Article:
DAUGHTER UNIVERSES: Imagine this universe shaped like a family tree. If you have to decide whether to have breakfast or not, two universes immediately exist to cater for each outcome - one for you eating breakfast, and one for you not eating breakfast. Then you decide whether or not to go to work - and two more universes form - and on it goes, the decisions made in each universes spawning more universe. This theory is the most likely one to make your head explode just thinking about it.


Mathematics as we know underlies the laws of physics and how the universe works - so it is easy to assume that mathematics is sort of pure, that the rules and laws of it are unchangeable, whether in this universe or another. This multiverse theory turns that upside down and imagines that other universes can exists with their own versions of mathematics, with different sets of laws and rules. It’s difficult to even imagine what they might be like - but one of those crazy Escher diagrams might be close.


Remember Rene Descartes worrying if he was a dream in some weird being's mind? Well, philosophers and theoretical physicists are still worrying about it. We’re well into The Matrix territory here with this theory, although it doesn’t have a huge following. In its current form the theory proffers that our universe could be part of a massive computer simulation created by some unknown being or force. Time to level up.


THE BIG BANG: This is the accepted theory about the origins of the cosmos. Crucially, the theory traces the birth of the universe back to a single point, a beginning, thought to be around 13.8 billion years ago, when everything was created in a kind of cosmic 'let there be light moment'. Though what came before? Another universe? And what comes after? Another universe?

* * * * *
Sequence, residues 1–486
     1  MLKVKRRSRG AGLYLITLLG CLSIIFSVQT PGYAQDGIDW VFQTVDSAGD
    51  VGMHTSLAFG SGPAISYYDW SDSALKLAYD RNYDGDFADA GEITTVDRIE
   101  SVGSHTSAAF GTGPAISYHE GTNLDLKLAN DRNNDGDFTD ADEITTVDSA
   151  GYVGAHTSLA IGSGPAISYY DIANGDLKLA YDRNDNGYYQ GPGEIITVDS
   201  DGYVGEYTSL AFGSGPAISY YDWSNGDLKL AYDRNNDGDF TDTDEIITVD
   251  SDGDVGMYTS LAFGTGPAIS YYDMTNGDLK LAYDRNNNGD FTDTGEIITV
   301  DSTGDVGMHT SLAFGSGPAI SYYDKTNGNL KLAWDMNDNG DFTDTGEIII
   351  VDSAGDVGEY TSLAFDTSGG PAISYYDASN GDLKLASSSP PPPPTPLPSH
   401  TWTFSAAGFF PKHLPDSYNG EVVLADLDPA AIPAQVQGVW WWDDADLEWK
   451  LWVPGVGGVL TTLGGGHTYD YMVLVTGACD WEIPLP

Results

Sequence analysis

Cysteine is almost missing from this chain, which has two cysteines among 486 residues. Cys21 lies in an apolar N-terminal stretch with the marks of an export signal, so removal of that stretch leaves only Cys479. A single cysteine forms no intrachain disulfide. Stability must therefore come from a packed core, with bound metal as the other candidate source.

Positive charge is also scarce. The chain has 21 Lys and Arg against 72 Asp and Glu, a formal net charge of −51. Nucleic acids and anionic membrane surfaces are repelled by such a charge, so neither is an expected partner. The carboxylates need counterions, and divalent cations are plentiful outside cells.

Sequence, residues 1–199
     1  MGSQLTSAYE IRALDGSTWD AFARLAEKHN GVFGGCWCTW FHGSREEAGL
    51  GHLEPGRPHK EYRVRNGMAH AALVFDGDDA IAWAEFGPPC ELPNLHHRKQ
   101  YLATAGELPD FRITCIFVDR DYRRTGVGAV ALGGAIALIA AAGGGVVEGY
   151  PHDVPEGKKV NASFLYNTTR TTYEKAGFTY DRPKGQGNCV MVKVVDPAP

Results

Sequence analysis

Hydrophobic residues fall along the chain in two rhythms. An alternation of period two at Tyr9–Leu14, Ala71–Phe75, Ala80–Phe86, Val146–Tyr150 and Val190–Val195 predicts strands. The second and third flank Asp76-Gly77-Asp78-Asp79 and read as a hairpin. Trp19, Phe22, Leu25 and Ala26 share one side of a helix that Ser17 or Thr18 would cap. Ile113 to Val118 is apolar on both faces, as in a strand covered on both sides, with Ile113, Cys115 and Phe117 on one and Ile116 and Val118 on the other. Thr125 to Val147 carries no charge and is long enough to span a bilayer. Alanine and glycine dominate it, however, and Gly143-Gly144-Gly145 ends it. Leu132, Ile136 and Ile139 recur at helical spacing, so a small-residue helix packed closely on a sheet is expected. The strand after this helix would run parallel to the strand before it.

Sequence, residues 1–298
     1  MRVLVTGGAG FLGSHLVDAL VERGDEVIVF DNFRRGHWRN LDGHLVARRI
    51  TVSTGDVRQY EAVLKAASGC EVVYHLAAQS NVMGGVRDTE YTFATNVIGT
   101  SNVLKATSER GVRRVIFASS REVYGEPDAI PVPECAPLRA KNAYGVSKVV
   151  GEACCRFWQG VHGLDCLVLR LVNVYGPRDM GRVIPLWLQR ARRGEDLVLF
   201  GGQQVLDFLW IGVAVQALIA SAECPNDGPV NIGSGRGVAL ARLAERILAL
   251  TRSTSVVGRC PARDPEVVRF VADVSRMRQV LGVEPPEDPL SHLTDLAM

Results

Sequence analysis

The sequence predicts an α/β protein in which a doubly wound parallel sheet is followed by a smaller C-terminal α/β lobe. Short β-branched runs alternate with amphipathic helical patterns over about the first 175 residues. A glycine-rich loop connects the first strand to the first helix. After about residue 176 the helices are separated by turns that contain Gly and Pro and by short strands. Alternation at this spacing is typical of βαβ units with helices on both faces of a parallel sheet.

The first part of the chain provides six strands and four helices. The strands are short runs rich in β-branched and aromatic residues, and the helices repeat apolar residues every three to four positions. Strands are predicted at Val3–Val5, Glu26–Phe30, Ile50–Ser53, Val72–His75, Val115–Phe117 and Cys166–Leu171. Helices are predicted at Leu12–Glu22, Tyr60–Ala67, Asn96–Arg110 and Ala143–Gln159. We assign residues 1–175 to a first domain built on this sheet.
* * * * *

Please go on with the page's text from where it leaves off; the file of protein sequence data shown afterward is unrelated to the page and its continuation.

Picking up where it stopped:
STEADY STATE: This theory was in competition with the Big Bang theory for a time. Basically the universe has always been and always will be, and is in a constant state of creation. It became widely discredited by leading figures in science in the mid-1900s.

BRANE: Perhaps this should be called the brane-melting theory. The concept of brane universes is linked to parallel universes. While some theories claim that parallel universes exist close to each other but never interact, brane theory suggests it’s possible that they do touch - and this is what causes Big Bang type events.


Physicists will be pleased to hear that Hawking and Hertog concluded that rather than the multiverse being made up of pockets of unpredictable universes, where literally anything could be possible, it’s more likely that the different universes within the multiverse are fairly similar to one another in terms of matter. So in other words, you won't get a floating unicorn made out of x-rays in one of the other universes out there ... though you could get a unicorn. It’s possible that scientists might actually may able to test this theory ... but don’t get too excited too quickly, the work relies on assessing gravitational waves and the technology required to do it isn’t expected to launch until 2034.


The Matrix

The Matrix trilogy, starring Keanu Reeves and spanning 1999-2003, is a mindboggling exploration through the simulated universe theory – what we understand as reality is actually a computer simulation, the film suggests, and the human race has been enslaved by machines. Do you take the blue pill or the red pill, Neo?

Men in Black

Will Smith and Tommy Lee Jones brought all kinds of weird and wonderful creatures to the big screen in the 1990s with the successful MiB franchise, which bundled all kinds of cosmic theory into a good old-fashioned goodies vs baddies format.


In 2014 Matthew McConaughey took movie-goers on a truly bonkers journey through time and space when he and a group of astronauts tried to save the human race by transporting it through a wormhole. It’s perhaps not a terrible idea to jot down on the list of humanity’s options …